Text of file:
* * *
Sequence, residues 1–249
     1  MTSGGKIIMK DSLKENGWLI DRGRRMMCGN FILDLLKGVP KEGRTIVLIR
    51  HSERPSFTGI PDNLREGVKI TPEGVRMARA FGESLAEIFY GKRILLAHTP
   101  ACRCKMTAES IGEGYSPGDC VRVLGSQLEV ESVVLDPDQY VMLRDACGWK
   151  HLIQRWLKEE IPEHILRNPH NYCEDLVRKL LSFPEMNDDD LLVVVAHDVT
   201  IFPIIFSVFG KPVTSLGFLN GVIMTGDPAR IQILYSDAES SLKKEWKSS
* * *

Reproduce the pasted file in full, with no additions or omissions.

Sequence, residues 1–249
     1  MTSGGKIIMK DSLKENGWLI DRGRRMMCGN FILDLLKGVP KEGRTIVLIR
    51  HSERPSFTGI PDNLREGVKI TPEGVRMARA FGESLAEIFY GKRILLAHTP
   101  ACRCKMTAES IGEGYSPGDC VRVLGSQLEV ESVVLDPDQY VMLRDACGWK
   151  HLIQRWLKEE IPEHILRNPH NYCEDLVRKL LSFPEMNDDD LLVVVAHDVT
   201  IFPIIFSVFG KPVTSLGFLN GVIMTGDPAR IQILYSDAES SLKKEWKSS